On the surface this might sound like an unreasonable demand. Maybe it is. But I also think it is the cry of a desperate soul who is being forced to choose between life and death. And it was perfectly within their rights to protest. After weeks of silent protests have failed to heed much, the women decided to do something more dramatic: strip themselves naked. When I heard that the Liberian women had stripped themselves naked and were protesting at the camp, I said to myself: “optrex – what a sight for sore eyes.”

I wanted to go there and observe ‘things’ for myself. Can you imagine my disappointment when I heard that the demonstrators were mostly over 40? Considering that the camp is right besides a major highway, I think many of those who saw the women were quite disgusted by the sight of the vast array of ‘bobby pakyaa’ on display. The Interior Minister, Kwamena Bartels, went to the camp and saw those depleted muscles and got very incensed. Trust me, I think if he and many of those travelling on that highway had seen the breasts of young women between 18 and 25, they would have encouraged them to smear olive oil on their bodies. We might even have decided to turn the demonstrating Liberian women into a tourist attraction. “Come to Ghana, where Liberian refugees demonstrate naked...” That would have been the ad on CNN. But damn, who wants to see the breasts of 40- to 50-year-olds?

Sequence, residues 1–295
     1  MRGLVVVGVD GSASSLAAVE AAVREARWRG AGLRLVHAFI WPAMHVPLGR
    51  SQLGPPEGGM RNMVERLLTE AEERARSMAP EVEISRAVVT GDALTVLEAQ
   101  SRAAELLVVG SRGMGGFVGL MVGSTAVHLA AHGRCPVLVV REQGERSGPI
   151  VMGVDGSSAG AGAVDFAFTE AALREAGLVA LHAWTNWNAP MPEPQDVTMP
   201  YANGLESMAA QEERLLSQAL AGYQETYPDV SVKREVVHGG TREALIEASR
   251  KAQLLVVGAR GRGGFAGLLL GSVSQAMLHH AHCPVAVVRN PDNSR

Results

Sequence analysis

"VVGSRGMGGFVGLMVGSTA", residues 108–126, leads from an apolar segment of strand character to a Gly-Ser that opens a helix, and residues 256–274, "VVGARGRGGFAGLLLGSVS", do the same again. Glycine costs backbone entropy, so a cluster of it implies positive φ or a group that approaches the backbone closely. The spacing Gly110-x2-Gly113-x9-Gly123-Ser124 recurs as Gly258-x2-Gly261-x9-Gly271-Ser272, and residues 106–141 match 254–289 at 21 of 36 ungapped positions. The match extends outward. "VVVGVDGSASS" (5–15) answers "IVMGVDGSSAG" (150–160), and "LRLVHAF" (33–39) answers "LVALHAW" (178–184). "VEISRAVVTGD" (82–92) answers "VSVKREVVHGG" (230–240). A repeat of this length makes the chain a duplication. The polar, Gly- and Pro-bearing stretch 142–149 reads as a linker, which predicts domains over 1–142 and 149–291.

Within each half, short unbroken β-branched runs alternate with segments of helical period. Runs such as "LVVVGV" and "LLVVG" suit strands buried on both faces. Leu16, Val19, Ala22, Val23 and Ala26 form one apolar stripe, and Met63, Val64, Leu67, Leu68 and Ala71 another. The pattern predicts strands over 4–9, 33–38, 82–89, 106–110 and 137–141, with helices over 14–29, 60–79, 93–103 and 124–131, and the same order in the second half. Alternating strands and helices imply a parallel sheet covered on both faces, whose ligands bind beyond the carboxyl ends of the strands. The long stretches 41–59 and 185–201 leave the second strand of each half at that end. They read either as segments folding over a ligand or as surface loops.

According to the Interior Minister, the women’s actions had endangered national security. Really? When did exposed breasts become a national security threat? If breasts were that dangerous, a lot of our ministers would have been assassinated by now!

Anyhow, with the breasts posing such a grave national security threat, the police were called in to arrest the women. They were forced onto buses (I hear some were even deceived that they were being sent to America) and taken to a very far off place called Kordiabe. I’ve been to the camp where the women are being kept. It’s nothing like Buduburam. For one, it’s not near a major highway. So even if they decide to strip naked again, they won’t offend anyone. Secondly, they are under police guard. They are not allowed out of the camp and visitors are met with a barrage of questions before being allowed in. When I visited Kordiabe, the refugees I was told by a police officer that the refugees were “being screened.” The result of that screening is that 16 of them have been deported and the fate of the others remain in the hands of those who think exposed breasts (especially the sagging ones – the sort A. B. Crentsil refers to as “bobby Pakyaa”) pose a national security threat. We shall see.

All I can do now is ask: where is the hospitality. After almost 20 years of taking care of our friends and brothers and sisters from Liberia, is this how we want the rest of the world to portray us? As the country that took away their rights to freely express themselves – even through demonstrations? And do we want to lose our so-called reputation as a hospitable nation, simply because Kwamena Bartels hates to see sagging breasts?

It’s amazing how in their words, our government wants to be given the credit for initiating dialogue for the formation of a Union Government of Africa but in their deeds they are treating our fellow African brothers and sisters like they were some aliens from Pluto. The xenophobia is shameful but it’s yet another reason for me to say that this United States of Africa will happen over my dead body.